Iowa History Daily: On July 11, 1881, Charles Knox Polk (Poke) Wells and his accomplice ‘Wilson’ stole $4,000 ($114,625.88 in 2022) from the Riverton Bank in Fremont County. A potential compatriot of the famed Jesse James-Younger Gang, Wells later died in Anamosa State Penitentiary after a failed escape attempt.
Born in Buchanan County, Missouri, a turn of luck in a poker game provided the future outlaw with the startup money to strike west. Over ten years, Poke Wells gained some repute after escaping Indigenous captivity on two separate occasions. A noted barroom brawler, the stocky Wells won famous friends including Kit Carson. Carson gifted him a buckhorn-handled hunting knife and introduced him to “Wild” Bill Hicock.
Married to Nora Wilson in his home state of Missouri during 1872, Poke Wells started out on a reformed life. However, a wild life awaited after the grocery store and saloon he operated failed. Striking out on the road in his former western haunts, Wells attempted to return to the settled life after two years but found his wife remarried and his child dead. The course of fate led an angry Wells to a 1879 highway robbery.
A reputed rider with the James-Younger, robberies of an express train and several banks followed for Wells. By the time he and ‘Wilson’ arrived in Fremont County’s Riverton in 1881 the former grocery clerk cut a convincing image of a hardened criminal. At 3:00 p.m., the duo waltzed into the Riverton Bank and relieved the institution of $4,000 before heading out the backdoor.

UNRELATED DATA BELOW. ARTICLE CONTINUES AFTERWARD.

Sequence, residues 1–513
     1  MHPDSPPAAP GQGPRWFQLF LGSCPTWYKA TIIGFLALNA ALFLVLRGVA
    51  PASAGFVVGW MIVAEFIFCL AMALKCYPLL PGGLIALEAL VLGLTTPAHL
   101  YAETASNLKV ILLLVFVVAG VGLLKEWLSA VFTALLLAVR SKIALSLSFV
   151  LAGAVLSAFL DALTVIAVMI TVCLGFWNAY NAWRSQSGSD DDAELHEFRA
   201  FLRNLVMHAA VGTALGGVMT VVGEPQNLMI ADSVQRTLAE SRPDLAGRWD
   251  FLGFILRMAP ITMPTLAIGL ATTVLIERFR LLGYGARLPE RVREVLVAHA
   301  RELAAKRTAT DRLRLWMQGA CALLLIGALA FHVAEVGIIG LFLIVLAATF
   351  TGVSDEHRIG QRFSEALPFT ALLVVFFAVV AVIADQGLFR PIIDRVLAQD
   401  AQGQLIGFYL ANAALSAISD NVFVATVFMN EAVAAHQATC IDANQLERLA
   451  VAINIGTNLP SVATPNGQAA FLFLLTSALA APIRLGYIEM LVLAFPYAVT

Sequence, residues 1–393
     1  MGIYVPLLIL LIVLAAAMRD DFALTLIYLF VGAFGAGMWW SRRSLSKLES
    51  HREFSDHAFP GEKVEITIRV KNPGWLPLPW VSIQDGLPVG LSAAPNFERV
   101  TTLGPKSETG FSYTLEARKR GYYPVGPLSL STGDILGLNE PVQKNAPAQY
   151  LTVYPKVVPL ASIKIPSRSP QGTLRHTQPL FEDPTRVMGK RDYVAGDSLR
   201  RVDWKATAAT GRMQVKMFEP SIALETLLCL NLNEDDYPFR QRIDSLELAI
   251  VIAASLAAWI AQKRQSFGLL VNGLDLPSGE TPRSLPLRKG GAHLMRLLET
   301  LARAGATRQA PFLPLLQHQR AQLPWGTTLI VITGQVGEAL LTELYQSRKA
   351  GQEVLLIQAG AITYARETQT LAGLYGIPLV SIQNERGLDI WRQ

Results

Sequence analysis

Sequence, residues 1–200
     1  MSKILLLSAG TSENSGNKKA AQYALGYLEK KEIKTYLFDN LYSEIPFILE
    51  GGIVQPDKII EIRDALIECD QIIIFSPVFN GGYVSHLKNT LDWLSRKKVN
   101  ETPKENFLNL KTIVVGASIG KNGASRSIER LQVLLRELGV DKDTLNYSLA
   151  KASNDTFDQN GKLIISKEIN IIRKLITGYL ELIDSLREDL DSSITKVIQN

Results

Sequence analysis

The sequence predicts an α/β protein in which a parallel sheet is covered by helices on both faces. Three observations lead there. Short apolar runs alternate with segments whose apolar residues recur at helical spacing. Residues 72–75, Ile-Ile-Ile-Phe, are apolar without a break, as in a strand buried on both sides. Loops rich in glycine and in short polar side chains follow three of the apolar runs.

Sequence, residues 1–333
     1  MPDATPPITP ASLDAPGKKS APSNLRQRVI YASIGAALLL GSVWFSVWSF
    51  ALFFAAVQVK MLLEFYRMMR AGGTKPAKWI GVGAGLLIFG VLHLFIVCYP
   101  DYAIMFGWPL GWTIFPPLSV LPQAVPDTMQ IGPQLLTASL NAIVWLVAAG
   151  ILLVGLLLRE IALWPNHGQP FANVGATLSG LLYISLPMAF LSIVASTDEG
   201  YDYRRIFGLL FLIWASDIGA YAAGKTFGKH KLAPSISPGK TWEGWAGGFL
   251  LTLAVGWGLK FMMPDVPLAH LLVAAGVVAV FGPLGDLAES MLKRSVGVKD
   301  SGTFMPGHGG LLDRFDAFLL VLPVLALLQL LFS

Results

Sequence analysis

A local store owner, Tommy Thompson, heard the cries of help from bank staff and stepped outside to level his Winchester rifle at the fleeing bandits. Striking Wells in the knee, Thompson only succeeded in slowing the robbers down before they ultimately escaped. Nursing the wound in selected woods south of Riverton for several days, Wells eventually resurfaced in Randolph, Wisconsin, posing as a reputable merchant.
With a recent James-Younger Gang robbery in the area already drawing plenty of law enforcement attention, Wells didn’t last long on the lam. Arrested by Mills County Sheriff Dan Ferrell on September 24, 1882, a jury eventually convicted Wells. Wells killed a guard with the help of two accomplices in an attempt to escape Fort Madison, earning him a life sentence. Transferred to Anamosa, Wells died in prison. #IowaHistoryDaily #IowaOTD #IowaHistoryCalendar